3/4 teaspoon salt
2 tablespoons chopped fresh cilantro
Green Ginger Onion Butter
2 tablespoons peanut oil
2 teaspoons minced peeled fresh ginger, packed
1/4 cup Chinese rice wine or sake
1/3 cup finely chopped green onions
3 tablespoons butter, room temperature
Lobsters
2 1 1/2- to 2-pound live lobsters
Olive oil

Directions

  1. For Chipotle Lime Oil: Cook oil and garlic in heavy small sauce-pan over medium-low heat until garlic begins to brown, about 8 minutes. Carefully mix in next 4 ingredients. Stir until salt dissolves. Remove from heat. Mix in cilantro. Cover and refrigerate. Makes 2/3 cup chipotle lime oil; can be prepared up to 2 hours ahead.
  2. For Ginger Green Onion Butter:Cook peanut oil and ginger in small saucepan over medium-low heat 2 minutes. Carefully add wine; simmer until reduced by half. Remove from heat. Add green onions and butter. Season with salt and pepper. Cover and refrigerate. Makes about 1/2 cup. Can be made 2 hours ahead.
  3. For lobster: Drop 1 lobster, head first, into large pot of boiling water. Cover; cook 3 minutes (lobster will not be fully cooked).
  4. Using tongs, transfer lobster to baking sheet.
  5. Return water to boil.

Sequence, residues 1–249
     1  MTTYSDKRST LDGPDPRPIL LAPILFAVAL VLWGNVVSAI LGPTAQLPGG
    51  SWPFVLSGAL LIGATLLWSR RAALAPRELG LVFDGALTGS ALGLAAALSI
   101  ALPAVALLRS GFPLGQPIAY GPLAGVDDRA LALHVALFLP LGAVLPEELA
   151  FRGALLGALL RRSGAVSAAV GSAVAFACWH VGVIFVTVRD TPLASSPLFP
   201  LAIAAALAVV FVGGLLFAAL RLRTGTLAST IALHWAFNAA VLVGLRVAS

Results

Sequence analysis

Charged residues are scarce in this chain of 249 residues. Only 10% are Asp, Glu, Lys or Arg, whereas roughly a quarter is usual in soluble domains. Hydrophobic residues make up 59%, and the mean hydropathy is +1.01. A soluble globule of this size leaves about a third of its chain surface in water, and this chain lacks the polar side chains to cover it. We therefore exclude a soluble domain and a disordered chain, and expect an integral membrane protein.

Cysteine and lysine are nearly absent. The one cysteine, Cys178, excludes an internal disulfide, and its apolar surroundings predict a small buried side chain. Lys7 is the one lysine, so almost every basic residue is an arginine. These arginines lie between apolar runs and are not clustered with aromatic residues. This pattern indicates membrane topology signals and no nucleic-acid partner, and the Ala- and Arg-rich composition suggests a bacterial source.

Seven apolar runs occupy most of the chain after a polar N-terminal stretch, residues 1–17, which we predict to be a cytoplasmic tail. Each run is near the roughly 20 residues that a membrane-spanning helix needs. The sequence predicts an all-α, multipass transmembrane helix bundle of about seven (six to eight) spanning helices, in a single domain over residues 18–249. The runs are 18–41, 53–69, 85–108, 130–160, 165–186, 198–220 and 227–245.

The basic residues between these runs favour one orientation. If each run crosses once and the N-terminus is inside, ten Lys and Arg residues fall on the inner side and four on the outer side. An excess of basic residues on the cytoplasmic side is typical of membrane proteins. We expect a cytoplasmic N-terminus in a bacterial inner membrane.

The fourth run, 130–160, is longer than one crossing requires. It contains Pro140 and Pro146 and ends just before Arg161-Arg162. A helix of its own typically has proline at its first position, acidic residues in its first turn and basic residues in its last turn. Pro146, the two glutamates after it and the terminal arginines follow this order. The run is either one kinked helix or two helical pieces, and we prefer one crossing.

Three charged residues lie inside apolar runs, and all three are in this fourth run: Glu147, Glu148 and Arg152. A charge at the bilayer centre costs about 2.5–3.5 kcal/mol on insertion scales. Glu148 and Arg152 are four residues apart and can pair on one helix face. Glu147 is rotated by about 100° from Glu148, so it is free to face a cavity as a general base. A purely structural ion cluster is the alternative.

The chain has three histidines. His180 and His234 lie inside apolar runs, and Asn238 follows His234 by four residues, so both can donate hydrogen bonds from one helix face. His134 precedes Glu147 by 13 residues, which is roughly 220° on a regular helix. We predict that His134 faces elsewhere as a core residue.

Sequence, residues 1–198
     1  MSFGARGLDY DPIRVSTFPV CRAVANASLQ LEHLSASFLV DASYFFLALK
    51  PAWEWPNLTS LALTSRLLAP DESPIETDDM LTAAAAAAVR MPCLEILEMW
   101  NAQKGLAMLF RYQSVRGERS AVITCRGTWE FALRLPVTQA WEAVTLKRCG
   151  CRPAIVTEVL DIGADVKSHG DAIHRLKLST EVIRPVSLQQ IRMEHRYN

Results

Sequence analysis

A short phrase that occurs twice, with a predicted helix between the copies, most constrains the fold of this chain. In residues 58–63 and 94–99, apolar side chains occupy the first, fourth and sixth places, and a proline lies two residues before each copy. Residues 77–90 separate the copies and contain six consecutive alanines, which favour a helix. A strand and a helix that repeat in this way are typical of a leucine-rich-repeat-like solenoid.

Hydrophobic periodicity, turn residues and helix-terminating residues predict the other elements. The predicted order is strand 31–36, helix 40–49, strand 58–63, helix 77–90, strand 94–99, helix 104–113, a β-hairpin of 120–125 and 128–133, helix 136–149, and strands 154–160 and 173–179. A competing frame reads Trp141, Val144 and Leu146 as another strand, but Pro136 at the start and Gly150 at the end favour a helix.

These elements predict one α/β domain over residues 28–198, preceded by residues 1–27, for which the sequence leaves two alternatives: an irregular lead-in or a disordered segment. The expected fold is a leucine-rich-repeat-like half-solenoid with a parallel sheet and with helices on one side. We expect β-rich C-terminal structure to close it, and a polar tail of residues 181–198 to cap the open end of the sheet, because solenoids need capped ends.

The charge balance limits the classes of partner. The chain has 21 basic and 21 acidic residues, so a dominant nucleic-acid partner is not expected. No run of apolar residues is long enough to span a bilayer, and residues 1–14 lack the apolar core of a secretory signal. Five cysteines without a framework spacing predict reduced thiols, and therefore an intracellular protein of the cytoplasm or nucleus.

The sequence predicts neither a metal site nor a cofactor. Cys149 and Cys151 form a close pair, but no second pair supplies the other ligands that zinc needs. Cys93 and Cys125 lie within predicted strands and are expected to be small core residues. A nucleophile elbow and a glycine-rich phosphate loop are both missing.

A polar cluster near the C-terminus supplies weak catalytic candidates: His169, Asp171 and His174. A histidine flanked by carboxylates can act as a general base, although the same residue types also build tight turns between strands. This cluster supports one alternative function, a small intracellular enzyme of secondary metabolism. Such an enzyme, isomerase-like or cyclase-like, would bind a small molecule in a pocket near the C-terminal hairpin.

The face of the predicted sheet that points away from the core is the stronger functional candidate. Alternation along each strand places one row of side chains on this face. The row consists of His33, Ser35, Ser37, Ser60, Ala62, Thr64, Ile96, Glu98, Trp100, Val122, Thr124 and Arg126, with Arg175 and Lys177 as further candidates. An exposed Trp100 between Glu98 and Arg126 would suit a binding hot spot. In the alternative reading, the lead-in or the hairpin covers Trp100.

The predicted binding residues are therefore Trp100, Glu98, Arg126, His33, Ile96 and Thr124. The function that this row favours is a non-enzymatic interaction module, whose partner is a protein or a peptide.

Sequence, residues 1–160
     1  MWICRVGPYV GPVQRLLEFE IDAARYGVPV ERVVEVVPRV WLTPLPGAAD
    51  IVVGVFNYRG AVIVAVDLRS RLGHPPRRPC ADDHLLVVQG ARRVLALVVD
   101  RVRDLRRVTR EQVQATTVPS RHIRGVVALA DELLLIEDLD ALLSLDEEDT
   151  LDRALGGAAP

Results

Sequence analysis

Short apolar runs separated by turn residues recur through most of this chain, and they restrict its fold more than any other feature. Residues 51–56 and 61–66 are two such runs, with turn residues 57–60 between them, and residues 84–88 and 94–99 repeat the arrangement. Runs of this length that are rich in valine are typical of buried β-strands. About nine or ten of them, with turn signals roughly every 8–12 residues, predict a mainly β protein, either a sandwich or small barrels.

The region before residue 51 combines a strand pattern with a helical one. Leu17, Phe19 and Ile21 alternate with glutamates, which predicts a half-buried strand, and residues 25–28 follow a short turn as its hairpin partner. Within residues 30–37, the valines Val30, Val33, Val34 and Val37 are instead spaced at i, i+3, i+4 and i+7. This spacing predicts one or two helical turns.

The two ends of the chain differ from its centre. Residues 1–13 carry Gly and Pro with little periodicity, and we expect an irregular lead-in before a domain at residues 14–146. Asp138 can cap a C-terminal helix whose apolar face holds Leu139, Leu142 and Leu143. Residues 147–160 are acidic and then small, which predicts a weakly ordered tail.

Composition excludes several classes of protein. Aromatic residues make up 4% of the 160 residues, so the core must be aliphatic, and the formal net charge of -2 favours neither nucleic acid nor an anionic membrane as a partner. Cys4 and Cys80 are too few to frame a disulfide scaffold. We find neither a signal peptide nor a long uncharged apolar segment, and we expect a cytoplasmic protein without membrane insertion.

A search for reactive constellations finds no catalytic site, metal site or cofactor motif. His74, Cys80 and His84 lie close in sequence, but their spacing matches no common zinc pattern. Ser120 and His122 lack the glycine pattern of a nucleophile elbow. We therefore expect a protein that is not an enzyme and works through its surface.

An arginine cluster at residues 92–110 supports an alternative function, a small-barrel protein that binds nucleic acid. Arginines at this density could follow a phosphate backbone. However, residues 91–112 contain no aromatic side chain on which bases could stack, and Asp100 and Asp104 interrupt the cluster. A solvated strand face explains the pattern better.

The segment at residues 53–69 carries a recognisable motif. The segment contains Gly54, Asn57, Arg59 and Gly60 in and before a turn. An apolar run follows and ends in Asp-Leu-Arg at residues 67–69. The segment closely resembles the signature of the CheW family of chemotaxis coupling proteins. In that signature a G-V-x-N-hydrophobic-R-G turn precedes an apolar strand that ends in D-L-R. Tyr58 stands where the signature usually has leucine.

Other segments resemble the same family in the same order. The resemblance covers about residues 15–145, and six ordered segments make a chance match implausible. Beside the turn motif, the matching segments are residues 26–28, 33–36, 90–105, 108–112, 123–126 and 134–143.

6. Repeat with second lobster.
  7. Transfer 1 lobster, shell side down, to work surface. Place tip of large knife into center of lobster. Cut lobster lengthwise in half from center to end of head (knife may not cut through shell), then cut in half from center to end of tail. Use poultry shears to cut through shell. Repeat with second lobster.
  8. Prepare barbecue (medium-high heat).
  9. Keeping lobster halves meat side up, brush shells with olive oil. Place halves, meat side up, on barbecue.
  10. Brush meat with olive oil; sprinkle with salt and pepper. Place pans with sauces at edge of barbecue to rewarm.
  11. Cover barbecue; grill lobsters until just opaque in thickest portion of tail, 7 to 9 minutes.
  12. Serve, passing warm sauces separately.

Makes 2 servings.

Around The Web
Join The Conversation
tkoblondee tkoblondee 7 years
I don't like to cook seafood (I know) but I love to eat it!
Jude-C Jude-C 7 years
MMMMM! :feedme:
Jude-C Jude-C 7 years
MMMMM! :feedme:
Clarby Clarby 7 years